Mike Lipnowski and Jacob Tsimerman have an awesome new preprint up, which dares to ask: how many principally polarized abelian varieties are there over a finite field?

Well, you say, those are just the rational points of A_g, which has dimension g choose 2, so there should be about p^{(1/2)g^2} points, right? But if you think a bit more about *why *you think that, you realize you’re implicitly imagining the cohomology groups in the middle making a negligible contribution to the Grothendieck-Lefchetz trace formula. But why do you imagine that? Those Betti numbers in the middle are *huge*, or at least have a right to be. (The Euler characteristic of A_g is known, and grows superexponentially in dim A_g, so you know at least one Betti number is big, at any rate.)

Well, so I always thought the size of A_g(F_q) really *would* be around p^{(1/2) g^2}, but that maybe humans couldn’t prove this yet. But no! Lipnowski and Tsimerman show there are massively many principally polarized abelian varieties; at least exp(g^2 log g). This suggests (but doesn’t prove) that there is *not* a ton of cancellation in the Frobenius eigenvalues. Which puts a little pressure, I think, on the heuristics about M_g in Achter-Erman-Kedlaya-Wood-Zureick-Brown.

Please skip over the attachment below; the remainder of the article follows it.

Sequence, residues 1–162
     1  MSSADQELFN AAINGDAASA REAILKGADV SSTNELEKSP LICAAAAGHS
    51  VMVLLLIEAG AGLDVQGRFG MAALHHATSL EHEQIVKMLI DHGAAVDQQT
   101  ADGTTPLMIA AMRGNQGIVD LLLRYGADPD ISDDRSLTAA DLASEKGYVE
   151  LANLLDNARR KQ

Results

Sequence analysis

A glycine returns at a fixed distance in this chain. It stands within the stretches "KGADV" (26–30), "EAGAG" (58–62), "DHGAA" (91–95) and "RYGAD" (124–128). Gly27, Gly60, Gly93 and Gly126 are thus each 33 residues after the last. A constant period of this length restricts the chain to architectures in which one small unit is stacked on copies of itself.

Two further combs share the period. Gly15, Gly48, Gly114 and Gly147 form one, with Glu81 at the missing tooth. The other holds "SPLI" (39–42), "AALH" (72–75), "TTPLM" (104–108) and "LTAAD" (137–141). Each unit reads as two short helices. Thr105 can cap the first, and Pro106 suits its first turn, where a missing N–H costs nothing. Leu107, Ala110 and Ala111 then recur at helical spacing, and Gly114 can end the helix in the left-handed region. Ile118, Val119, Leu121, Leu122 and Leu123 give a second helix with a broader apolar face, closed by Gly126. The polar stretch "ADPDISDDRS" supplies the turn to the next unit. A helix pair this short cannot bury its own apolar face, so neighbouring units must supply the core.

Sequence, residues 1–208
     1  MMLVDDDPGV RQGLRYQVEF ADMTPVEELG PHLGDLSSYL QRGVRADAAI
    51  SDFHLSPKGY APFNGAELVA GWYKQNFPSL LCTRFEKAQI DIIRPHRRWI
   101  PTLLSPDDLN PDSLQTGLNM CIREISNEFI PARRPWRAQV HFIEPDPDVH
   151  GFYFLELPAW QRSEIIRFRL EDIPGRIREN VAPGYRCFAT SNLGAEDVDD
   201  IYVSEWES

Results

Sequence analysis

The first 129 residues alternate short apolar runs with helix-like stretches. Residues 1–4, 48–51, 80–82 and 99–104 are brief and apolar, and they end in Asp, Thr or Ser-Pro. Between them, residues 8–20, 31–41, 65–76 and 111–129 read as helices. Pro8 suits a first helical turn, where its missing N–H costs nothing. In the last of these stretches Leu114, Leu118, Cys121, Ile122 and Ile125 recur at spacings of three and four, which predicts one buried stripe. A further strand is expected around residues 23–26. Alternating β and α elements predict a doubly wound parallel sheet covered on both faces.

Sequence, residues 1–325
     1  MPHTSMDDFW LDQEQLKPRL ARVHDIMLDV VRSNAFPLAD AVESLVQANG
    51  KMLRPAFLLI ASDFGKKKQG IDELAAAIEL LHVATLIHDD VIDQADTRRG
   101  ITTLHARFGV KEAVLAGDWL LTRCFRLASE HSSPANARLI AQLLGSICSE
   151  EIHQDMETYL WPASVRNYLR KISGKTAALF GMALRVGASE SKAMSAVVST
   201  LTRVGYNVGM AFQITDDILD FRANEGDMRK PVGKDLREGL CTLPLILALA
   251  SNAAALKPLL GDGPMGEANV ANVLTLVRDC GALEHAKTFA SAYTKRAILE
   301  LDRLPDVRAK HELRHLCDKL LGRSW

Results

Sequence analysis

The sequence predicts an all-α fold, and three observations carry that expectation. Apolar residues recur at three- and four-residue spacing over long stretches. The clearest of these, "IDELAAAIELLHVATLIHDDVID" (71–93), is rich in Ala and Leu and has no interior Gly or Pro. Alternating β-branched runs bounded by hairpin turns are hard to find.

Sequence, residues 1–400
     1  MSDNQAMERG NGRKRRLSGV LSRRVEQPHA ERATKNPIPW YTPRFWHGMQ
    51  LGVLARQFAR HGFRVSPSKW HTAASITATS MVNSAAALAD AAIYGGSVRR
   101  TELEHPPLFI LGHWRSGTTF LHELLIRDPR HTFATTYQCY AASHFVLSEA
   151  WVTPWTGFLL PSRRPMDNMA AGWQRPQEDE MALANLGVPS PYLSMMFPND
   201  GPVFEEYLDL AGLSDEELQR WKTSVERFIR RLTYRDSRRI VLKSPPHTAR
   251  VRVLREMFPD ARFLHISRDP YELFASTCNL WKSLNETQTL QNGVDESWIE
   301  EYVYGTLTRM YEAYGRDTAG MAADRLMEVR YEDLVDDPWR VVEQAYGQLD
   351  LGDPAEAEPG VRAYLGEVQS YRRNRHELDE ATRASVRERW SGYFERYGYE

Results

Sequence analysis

What’s even more interesting is *why* there are so many principally polarized abelian varieties. It’s because there are so many principal polarizations! The number of isomorphism classes of abelian varieties, full stop, they show, is on order exp(g^2). It’s only once you take the polarizations into account that you get the faster-than-expected-by-me growth.

What’s more, some abelian varieties have more principal polarizations than others. The reducible ones have a lot. And that means they dominate the count, especially the ones with a lot of multiplicity in the isogeny factors. Now get this: for 99% of all primes, it is the case that, for sufficiently large g: 99% of all points on A_g(F_p) correspond to abelian varieties which are 99% made up of copies of a single elliptic curve!

That is messed up.

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What a nice paper!